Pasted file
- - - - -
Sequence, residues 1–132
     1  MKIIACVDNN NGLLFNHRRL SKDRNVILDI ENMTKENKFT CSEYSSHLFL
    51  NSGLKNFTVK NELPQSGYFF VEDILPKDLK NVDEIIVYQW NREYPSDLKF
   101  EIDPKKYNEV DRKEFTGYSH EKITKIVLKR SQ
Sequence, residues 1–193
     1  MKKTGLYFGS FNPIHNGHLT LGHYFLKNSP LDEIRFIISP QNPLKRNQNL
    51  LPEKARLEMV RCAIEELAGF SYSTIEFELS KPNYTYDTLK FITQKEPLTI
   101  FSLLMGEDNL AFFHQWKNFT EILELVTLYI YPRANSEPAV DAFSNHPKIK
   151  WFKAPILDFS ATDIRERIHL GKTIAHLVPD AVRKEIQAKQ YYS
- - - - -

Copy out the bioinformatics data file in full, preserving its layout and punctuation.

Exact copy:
Sequence, residues 1–132
     1  MKIIACVDNN NGLLFNHRRL SKDRNVILDI ENMTKENKFT CSEYSSHLFL
    51  NSGLKNFTVK NELPQSGYFF VEDILPKDLK NVDEIIVYQW NREYPSDLKF
   101  EIDPKKYNEV DRKEFTGYSH EKITKIVLKR SQ
Sequence, residues 1–193
     1  MKKTGLYFGS FNPIHNGHLT LGHYFLKNSP LDEIRFIISP QNPLKRNQNL
    51  LPEKARLEMV RCAIEELAGF SYSTIEFELS KPNYTYDTLK FITQKEPLTI
   101  FSLLMGEDNL AFFHQWKNFT EILELVTLYI YPRANSEPAV DAFSNHPKIK
   151  WFKAPILDFS ATDIRERIHL GKTIAHLVPD AVRKEIQAKQ YYS